In 1974, Pete Townshend and Roger Daltrey were too busy creating the film version of Tommy to devote any sort of time to a new Who album. Wanting to keep the band in the public eye, their label asked bassist John Entwistle to comb through their archives and create an album out of their unreleased tracks. The result, Odds & Sods, was released on Oct. 1, 1974.

"[W]e knew we had a lot of unreleased material, mainly from singles that had fallen by the wayside," Entwistle told Rolling Stone at the time. "We didn't know how good much of that material was till we started seeing it on bootlegs. ... I tried to arrange it like a parallel sort of Who career – what singles we might have released and what album tracks we might have released."

That may have been Entwistle's intentions, but the finished product doesn't really measure up. It's not that Odds & Sods is bad – much of it is quite good – but rather that it's hard to imagine these tracks replacing "I Can See for Miles" or "The Kids Are Alright" on the charts, or where some of them would fit into Townshend's grander concepts.

Most of the album's best moments come from the aborted Lifehouse project, which eventually resulted in the songs that made up Who's Next. "Pure and Easy," which first surfaced on Townshend's solo debut Who Came First a few years before, is just about perfect, a distillation of Townshend's spiritual quest and music's role in it. But as with "Put the Money Down" and "Too Much of Anything," it was too tied to the Lifehouse story to stand on its own.

Two of its earliest tracks show Townshend starting to explore narrative songwriting. "Little Billy" was an anti-smoking tale recorded for the American Cancer Society, while "Glow Girl" ends with the band singing, "It's a girl, Mrs. Walker / It's a girl," which would soon have its gender changed and appropriated into Tommy.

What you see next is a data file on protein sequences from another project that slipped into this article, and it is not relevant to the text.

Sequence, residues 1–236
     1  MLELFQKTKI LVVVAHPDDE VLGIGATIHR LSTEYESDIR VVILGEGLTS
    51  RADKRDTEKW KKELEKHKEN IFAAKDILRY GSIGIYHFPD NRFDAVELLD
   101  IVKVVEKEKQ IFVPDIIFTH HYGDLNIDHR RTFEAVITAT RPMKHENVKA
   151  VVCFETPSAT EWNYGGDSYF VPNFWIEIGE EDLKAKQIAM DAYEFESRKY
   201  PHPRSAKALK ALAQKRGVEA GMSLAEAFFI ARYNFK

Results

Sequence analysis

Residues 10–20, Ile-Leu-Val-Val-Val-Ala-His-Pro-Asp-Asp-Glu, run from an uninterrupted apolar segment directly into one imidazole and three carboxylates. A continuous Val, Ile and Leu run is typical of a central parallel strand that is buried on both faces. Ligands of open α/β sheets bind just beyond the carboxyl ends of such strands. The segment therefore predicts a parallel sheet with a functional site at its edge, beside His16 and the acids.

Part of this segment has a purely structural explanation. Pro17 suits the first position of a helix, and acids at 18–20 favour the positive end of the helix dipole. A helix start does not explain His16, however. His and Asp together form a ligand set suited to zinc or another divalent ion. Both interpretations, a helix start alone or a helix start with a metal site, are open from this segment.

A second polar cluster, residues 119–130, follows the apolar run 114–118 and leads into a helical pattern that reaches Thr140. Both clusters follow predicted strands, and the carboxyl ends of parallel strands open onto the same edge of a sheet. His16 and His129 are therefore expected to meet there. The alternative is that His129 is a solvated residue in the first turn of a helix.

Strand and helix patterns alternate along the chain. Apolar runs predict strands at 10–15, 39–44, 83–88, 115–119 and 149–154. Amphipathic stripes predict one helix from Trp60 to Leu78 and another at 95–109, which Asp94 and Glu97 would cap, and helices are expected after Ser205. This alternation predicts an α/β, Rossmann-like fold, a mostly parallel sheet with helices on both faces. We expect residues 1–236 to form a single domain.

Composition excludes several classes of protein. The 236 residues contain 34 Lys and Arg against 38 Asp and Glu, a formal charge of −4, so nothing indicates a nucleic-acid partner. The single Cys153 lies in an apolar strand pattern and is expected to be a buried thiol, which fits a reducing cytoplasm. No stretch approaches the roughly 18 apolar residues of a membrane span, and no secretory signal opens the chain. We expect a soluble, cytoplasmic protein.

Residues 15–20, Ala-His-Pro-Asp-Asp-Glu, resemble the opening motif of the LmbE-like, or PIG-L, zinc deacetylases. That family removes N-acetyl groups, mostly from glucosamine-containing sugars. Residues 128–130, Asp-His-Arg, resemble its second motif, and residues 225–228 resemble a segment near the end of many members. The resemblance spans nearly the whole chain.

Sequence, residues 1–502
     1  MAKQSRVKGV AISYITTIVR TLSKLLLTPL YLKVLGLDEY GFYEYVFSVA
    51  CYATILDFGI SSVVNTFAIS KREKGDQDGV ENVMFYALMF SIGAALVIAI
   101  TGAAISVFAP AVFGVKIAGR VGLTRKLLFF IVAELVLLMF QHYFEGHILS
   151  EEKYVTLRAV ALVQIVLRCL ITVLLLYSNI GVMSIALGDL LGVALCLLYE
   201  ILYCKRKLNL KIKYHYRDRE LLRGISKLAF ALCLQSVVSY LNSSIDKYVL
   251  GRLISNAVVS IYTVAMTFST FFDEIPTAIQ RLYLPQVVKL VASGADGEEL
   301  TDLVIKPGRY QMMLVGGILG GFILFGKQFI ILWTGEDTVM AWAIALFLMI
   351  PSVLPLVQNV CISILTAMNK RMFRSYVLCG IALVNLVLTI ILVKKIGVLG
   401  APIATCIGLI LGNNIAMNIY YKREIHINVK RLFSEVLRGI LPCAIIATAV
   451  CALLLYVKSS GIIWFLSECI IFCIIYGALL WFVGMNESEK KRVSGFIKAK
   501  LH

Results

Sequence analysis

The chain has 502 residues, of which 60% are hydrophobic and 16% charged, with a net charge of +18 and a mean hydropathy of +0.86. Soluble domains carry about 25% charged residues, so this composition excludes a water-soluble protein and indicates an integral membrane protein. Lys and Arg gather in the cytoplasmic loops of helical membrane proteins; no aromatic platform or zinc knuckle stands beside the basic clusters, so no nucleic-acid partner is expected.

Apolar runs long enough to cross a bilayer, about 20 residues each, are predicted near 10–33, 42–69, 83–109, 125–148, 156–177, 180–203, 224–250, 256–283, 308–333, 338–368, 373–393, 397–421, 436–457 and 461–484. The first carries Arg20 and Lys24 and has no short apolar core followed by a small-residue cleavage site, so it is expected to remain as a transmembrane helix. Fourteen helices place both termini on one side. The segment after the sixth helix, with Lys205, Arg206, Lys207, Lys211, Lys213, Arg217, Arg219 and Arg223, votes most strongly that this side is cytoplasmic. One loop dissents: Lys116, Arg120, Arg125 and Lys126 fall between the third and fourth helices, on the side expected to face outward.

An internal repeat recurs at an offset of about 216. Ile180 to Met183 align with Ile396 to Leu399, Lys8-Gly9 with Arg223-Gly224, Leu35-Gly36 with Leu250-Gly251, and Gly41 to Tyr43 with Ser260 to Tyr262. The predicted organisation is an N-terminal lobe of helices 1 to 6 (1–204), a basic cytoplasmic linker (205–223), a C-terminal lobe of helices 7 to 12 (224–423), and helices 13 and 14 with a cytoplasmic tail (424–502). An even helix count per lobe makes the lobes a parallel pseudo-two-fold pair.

Listen to the Who Perform 'Naked Eye'

But the high point of Odds & Sods is "Naked Eye," which the band had been playing live for a few years before recording it in 1973. It's a masterpiece, with the two singers taking opposite roles – Daltrey is nuanced and in control, while Townshend goes for broke – and a searing guitar solo before the last verse.

Outside of "Postcard," Entwistle's wry take on touring the world, the others serve more as curios. "I'm the Face" is a mod-inspired rewrite of Slim Harpo's "Got Love If You Want It" that they recorded as the High Numbers in 1964, while "Faith in Something Bigger" and "Now I'm a Farmer" are mostly forgettable. The album closes with the single, "Long Live Rock," a rousing, but ultimately slight, anthem.

Still, Odds & Sods reached No. 15 on the Billboard 200 and went Top 10 in the U.K. Its success paved the way for future Who closet-cleaning efforts like Who's Missing (1985) and Two's Missing (1987). Several songs from those two albums were brought together with some other outtakes to make a CD-length version of Odds & Sods in 1998.

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